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Slaying of a Teen Leaves City Stunned

After the Philadelphia youth was killed for $500, the four suspects shared a hug, says one.

June 26, 2003|David Zucchino | Times Staff Writer

PHILADELPHIA -- Jason Sweeney was a brown-haired, easygoing teenager who loved working beside his father on construction jobs. His best friend was Eddie Batzig, a bespectacled 16-year-old. The girl he wanted to bring home to meet his mother was pale, slender Justina Morley, 15.

On the evening of May 30, Justina lured Jason to the Trails, a wooded area of the working-class Fishtown section of Philadelphia along the Delaware River. She promised him sex.

The two were undressing when Eddie Batzig suddenly appeared. He had a hatchet. With Eddie were two other teenage boys Jason knew. One carried a hammer.

According to a confession by one of the teens revealed in court last week, Dominic Coia, the three young men attacked 16-year-old Jason, beating him savagely and fatally. The three teens are charged with murder along with Morley, who police say was part of the murder plot.

As Jason lay dying, Coia told police later, "We took Sweeney's wallet out and split up the money and we partied beyond redemption." But first, Coia said, the teens shared "a group hug -- it was like we were all happy with what we did."

Like any big city, Philadelphia is accustomed to almost daily homicides, some of them brutal, some committed by teenagers. But this one was different, and the accused teens' apparent callousness and utter lack of remorse has shocked even this tough, gritty town.

The accused killers were not high on drugs. The killing was not random. It was not a crime of passion or self-defense, of soured love or a drug deal gone bad.

A police detective testified that he asked Coia, 18, whether he was high on drugs during the killing. "No, I was as sober as I am now," Coia said. "It is sick, isn't it?"

The killers carefully planned the crime several days in advance, according to police. They sent Justina Morley as "the bait," Coia told police. As Sweeney lay unconscious after the first blows, they smashed his face at least a dozen times. They left with Sweeney's $500 weekly cash salary, which they spent on heroin, marijuana and the tranquilizer Xanax.

To prepare for the killing that day, Coia confessed, "we must have listened to 'Helter Skelter' about 42 times." Mass murderer Charles Manson said the Beatles song inspired him and his followers during their 1969 killing spree in Los Angeles.

Batzig, who had been Sweeney's best friend since fourth grade, told a detective that he hit his friend's face four or five times with a hatchet, according to court testimony. "Jason started begging for his life, but we just kept hitting him," Batzig said.

Judge Seamus Patrick McCaffery listened intently to the testimony at a June 17 preliminary hearing and reviewed photos of Sweeney's corpse. He mentioned to a defense lawyer that he had presided over hundreds of murder cases -- "a lot of them really brutal murders."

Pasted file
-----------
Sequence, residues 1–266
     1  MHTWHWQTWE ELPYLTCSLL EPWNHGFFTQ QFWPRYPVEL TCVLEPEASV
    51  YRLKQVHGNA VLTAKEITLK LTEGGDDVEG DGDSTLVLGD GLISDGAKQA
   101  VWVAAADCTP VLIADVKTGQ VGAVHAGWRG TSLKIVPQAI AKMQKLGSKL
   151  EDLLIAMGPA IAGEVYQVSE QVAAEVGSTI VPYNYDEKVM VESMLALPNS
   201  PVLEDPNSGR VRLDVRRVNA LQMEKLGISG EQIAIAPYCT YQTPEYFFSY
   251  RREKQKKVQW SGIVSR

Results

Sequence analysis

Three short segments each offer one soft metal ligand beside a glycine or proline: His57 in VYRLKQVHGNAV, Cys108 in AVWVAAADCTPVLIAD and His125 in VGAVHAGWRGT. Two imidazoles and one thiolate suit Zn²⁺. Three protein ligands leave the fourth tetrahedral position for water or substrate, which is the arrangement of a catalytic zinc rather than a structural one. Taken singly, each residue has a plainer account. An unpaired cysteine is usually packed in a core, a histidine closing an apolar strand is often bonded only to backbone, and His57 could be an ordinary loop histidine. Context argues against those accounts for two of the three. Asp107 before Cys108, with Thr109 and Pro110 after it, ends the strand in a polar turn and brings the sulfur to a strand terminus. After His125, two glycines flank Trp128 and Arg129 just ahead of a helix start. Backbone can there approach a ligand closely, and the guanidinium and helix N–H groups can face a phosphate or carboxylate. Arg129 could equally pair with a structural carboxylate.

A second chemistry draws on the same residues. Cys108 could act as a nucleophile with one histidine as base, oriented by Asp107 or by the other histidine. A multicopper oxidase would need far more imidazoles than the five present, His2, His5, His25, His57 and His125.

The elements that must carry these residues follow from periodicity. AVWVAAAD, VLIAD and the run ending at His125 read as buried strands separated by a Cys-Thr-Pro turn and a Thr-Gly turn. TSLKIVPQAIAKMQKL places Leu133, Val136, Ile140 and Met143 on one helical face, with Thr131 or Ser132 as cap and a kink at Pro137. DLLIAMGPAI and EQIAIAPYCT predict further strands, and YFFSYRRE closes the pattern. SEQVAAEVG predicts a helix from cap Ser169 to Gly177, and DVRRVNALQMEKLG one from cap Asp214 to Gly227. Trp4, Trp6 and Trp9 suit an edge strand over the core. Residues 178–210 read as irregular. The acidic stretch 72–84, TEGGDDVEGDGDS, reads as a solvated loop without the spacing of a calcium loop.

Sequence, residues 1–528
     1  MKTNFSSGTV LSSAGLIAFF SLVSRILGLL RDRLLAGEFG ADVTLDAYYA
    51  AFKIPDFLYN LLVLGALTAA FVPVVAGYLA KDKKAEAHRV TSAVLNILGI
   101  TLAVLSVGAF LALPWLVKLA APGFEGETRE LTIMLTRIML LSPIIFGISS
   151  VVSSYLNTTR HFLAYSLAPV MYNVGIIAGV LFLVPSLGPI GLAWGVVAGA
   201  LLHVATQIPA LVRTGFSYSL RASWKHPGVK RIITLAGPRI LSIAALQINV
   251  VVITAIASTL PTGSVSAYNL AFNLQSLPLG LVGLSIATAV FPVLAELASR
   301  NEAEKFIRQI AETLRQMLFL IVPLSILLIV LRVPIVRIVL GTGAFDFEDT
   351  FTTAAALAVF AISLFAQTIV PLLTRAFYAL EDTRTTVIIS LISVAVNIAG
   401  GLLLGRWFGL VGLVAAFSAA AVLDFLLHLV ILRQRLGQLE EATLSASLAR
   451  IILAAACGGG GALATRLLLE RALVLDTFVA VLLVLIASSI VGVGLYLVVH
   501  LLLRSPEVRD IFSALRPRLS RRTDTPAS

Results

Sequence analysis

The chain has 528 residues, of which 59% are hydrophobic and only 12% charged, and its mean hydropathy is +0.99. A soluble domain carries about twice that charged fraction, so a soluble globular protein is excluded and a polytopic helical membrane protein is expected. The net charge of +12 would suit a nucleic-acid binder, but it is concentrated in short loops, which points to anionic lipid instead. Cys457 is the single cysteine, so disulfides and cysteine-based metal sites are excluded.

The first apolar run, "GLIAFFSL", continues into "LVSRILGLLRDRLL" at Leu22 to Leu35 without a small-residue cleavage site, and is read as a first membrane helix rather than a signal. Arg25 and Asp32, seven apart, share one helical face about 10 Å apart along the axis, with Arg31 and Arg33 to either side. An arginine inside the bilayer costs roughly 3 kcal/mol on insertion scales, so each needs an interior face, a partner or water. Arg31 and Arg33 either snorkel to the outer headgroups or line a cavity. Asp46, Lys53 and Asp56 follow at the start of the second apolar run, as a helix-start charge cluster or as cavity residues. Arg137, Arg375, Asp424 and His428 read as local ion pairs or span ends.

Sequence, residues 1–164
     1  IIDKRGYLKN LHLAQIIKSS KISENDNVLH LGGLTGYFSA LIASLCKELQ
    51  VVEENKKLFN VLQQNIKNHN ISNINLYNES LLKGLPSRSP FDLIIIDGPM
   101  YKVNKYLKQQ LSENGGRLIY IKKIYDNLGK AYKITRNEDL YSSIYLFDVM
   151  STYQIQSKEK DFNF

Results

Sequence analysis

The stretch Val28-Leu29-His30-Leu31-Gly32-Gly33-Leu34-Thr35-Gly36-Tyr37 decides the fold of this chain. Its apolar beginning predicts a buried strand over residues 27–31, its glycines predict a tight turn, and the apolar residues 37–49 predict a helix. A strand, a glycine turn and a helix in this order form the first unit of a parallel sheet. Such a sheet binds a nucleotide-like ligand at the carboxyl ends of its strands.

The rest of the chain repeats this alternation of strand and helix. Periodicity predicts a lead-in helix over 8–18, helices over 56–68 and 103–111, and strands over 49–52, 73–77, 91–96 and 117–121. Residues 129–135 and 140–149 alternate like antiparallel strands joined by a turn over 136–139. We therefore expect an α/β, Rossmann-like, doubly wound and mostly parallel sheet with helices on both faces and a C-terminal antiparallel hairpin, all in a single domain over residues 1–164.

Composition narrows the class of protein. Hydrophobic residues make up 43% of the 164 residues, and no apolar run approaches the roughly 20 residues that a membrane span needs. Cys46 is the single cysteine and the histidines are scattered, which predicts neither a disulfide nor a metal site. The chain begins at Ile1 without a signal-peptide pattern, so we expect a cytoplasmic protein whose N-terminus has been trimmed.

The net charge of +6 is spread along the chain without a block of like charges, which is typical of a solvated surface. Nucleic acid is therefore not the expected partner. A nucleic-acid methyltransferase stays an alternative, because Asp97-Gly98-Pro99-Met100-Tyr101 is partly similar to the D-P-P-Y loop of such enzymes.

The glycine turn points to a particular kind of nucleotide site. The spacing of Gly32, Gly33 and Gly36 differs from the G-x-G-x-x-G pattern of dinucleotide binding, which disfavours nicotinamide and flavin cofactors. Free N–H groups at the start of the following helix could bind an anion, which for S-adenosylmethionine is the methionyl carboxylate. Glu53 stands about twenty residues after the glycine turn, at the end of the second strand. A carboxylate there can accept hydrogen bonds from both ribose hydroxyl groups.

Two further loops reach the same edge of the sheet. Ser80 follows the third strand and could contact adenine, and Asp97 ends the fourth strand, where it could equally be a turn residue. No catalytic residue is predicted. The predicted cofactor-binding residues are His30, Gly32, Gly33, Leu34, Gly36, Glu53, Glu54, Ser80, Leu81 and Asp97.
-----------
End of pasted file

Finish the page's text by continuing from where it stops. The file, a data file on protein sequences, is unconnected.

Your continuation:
But this one, the judge said, "This one is beyond. This is barbaric. This is something out of the Dark Ages.... Friends. Friends! Over five hundred bucks."

The hearing offered no explanation for why the killers did not simply rob Sweeney rather than beat him to death. Jason's father, Paul Sweeney, thinks he knows why.

"Jealousy," he said this week, squatting on a step in the kitchen of his Fishtown row house. "They were jealous that Jason was moving past them, growing beyond them as a good person. He wasn't hooked on drugs like the rest of them, and they wanted vengeance."

Coia abused heroin, marijuana and alcohol, his lawyer, Lee Mandell, said in an interview. Justina Morley, Batzig and Coia's brother, Nicholas Coia, 16 -- all charged with murder -- abused heroin, marijuana and prescription drugs, according to court testimony.

Jason's mother, Dawn Sweeney, said she and her husband forbade Jason to associate with the Coia brothers three summers ago because "we could see they were going down the wrong path." Last summer, the couple ordered Jason to stop seeing Batzig shortly after the Sweeneys paid for Eddie to accompany Jason on a vacation visit to Dawn Sweeney's parents in Florida.

"Eddie used to be such a kind kid, but he had become very rude and inconsiderate," Dawn Sweeney said inside the row house, where photos of Jason and the couple's four other children dominate the walls. She wore a button with Jason's photo to the court hearing, and now wears a locket containing Jason's hair around her neck.

Her son did not do drugs, she said, and he obeyed her demands to stop seeing Eddie. But through other friends, he met Justina Morley.

"He told me: 'She's nice. I think you'll like her.' He was going to bring her home to meet me on the night after they all killed him," Dawn Sweeney said.

She is certain her son would have given his attackers his money if given the chance, she said. "I told him many times: 'Jason, nothing is worth giving up your life for. So if somebody tries to take something from you, give it to them. It's replaceable. Your life is not.' "

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